Allied Management College, Ottappalam

By: Shuhaib PP 71

“AN ANALYSIS OF ECONOMIC INDICATORS AND ITS IMPACT ON STOCKS IN SENSEX”

Conclusion
While quarter-to-quarter figures can show some volatility, long-term trends in GDP growth remain the single most conclusive piece of information on the economy as a whole. This indicator is a must-know for investors in all asset classes. The Employment Situation Report is a very powerful indicator that is able to move the markets dramatically. Heavily analyzed, the report is the single best way to understand the state of the labor force at any point in time. The lesser the unemployment rate, the more workers earn, the more they buy and propel the economy forward. If fewer people are working, spending drops off and business suffers. Because household spending accounts for two thirds of the economy’s total output, the investment community pays close attention to the employment report. The evaluation of money supply figures has become a progressive story, one that savvy investors will take into consideration when contemplating future levels of economic growth as well as inflation. Investors who put their money mainly into fixed income investments have to make a conscious attempt to seek out those that offer high double-digit returns. Or they should add riskier investments to beat inflation. Financial planners usually assume a 5 per cent inflation rate (based on the WPI) to compute targets for long-term financial goals in Indian context. But the recent CPI-WPI divergence suggests that they should actually be assuming a much higher number. As mentioned above, CPI in India over the last five years has grown by nearly 7 per cent annually. An investor may also need to have some margin of safety against factors that may drive inflation up by one or two percentage points in a particular year.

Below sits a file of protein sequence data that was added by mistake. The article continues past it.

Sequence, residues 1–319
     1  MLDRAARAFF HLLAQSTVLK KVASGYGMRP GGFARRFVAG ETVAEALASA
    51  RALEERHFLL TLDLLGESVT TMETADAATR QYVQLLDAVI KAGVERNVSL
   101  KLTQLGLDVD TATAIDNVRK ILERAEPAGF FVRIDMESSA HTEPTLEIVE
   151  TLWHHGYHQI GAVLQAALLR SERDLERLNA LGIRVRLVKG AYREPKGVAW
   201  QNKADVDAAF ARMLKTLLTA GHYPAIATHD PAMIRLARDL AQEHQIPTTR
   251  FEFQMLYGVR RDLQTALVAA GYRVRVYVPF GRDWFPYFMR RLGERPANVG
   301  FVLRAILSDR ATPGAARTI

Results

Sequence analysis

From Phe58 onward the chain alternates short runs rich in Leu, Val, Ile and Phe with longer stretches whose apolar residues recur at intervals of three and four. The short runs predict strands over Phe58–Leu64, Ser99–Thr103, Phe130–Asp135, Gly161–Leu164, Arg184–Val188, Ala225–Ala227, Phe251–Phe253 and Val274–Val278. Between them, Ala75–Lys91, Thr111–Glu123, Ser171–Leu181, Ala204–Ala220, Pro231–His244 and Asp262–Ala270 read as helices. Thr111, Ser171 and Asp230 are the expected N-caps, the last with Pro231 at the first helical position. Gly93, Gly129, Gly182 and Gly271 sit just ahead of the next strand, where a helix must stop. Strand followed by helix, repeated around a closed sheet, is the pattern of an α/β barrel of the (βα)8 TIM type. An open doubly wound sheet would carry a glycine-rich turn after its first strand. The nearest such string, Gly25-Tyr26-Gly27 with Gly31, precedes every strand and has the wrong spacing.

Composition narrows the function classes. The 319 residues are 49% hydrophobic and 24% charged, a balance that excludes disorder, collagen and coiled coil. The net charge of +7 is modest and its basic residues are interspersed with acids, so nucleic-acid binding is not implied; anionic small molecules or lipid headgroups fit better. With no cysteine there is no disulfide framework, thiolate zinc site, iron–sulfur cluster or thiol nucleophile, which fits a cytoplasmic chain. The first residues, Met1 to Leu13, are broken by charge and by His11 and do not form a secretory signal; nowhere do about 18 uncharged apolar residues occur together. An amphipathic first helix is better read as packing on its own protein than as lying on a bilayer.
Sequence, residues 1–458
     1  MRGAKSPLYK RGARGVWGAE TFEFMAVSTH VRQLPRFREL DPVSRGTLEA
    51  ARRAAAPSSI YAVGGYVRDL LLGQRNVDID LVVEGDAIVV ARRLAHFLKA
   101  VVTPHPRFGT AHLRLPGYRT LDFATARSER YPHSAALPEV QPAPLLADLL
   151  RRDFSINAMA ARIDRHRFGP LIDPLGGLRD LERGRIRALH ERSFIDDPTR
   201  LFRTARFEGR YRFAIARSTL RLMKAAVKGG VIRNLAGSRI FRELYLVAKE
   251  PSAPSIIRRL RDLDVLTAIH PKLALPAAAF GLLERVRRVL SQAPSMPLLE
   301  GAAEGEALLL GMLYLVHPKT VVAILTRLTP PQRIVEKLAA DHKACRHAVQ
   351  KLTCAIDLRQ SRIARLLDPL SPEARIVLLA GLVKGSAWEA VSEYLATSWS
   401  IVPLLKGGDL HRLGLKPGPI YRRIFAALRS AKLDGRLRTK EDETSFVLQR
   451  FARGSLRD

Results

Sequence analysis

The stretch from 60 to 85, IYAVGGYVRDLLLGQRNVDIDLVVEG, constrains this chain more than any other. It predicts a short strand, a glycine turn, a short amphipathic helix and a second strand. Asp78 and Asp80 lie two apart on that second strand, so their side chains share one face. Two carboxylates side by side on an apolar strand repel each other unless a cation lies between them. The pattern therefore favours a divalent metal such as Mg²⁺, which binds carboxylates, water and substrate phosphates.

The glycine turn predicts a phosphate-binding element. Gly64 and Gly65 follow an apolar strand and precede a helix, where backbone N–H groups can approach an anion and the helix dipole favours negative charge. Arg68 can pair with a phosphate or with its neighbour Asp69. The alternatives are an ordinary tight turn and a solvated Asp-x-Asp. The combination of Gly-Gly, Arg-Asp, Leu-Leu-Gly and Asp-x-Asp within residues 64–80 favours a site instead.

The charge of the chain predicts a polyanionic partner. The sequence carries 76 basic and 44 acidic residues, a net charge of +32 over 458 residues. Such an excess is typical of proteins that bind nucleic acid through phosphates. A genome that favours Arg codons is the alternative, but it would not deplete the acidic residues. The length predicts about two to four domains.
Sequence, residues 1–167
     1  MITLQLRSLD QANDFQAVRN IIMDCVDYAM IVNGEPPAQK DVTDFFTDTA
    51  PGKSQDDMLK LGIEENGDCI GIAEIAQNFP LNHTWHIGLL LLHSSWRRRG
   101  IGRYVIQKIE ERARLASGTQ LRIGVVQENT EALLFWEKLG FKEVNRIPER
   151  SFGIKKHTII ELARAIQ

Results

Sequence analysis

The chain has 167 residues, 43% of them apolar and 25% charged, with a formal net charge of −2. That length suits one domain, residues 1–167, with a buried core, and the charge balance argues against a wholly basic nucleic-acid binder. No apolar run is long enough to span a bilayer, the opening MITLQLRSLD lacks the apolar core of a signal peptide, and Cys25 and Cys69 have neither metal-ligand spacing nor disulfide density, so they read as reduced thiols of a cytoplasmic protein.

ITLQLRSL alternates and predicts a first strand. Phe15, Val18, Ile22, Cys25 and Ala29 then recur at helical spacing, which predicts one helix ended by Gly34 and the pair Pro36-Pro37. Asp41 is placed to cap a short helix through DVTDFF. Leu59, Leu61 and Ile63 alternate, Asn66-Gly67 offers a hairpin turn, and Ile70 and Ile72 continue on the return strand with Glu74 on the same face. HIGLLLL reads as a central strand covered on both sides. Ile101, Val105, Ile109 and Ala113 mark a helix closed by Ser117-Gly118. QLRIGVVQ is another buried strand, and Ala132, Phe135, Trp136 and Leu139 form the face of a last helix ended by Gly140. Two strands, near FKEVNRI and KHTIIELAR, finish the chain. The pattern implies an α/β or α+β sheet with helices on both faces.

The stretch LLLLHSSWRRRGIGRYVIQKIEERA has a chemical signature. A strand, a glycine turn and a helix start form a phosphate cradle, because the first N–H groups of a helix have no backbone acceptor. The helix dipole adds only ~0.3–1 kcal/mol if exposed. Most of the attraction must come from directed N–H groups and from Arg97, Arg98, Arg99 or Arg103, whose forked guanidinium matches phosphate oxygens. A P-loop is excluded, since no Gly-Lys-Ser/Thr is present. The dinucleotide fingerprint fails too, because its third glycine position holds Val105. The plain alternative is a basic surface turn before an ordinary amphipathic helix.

Allied Management College, Ottappalam

By: Shuhaib PP 72

“AN ANALYSIS OF ECONOMIC INDICATORS AND ITS IMPACT ON STOCKS IN SENSEX”

Suggestions
The above study has inadvertently proved that there is a positive relationship between the economic indicators the BSE. It is a known fact that no one can time the market. Hence a practical suggestion to maximize your returns would be: Depending on the risk profile, 50% of portfolio should constitute equities. "To make the most, invest in banking and infrastructure sectors as also gold mining funds”. Note that at least 10% of portfolio should constitute debt in order to cushion the ups and downs of the market. Fixed-income investors should always be aware of the rate of inflation against which they judge their investments; it is imperative to keep current yields ahead of inflation, or real wealth will fall.

Allied Management College, Ottappalam

By: Shuhaib PP 73

“AN ANALYSIS OF ECONOMIC INDICATORS AND ITS IMPACT ON STOCKS IN SENSEX”

BIBLIOGRAPHY

Economic surveys
1. Economic surveys of 2004-2005 2. Economic surveys of 2005-2006 3. Economic surveys of 2006-2007 4. Economic surveys of 2007-2008 5. Economic surveys of 2008-2009 6. Economic surveys of 2009-2010 Journals 1. Som Sankar Sen and Santanu Kumar Ghosh (2008), “Association Between Stock Market Liquidity and Some Selected Macroeconomic variables”, Icfai University Journal of Economics, Vol.VI, No.3, pp53-70 2. Securities and portfolio management (2009-2010) Sikkim Manipal University. 3. Anver Sadath and B Kamaiah (2009), “Liquidity Effect of Single Stock Futures on the Underlying Stock”, Icfai University Journal of Applied Economics, Vol.VIII, No.5, pp142. Websites www.bseindia.com www.nseindia.com www.scribd.com www.altavista.com www.indianeconomy.com www.wikipedia.com www.indiahowto.com

Allied Management College, Ottappalam

By: Shuhaib PP 74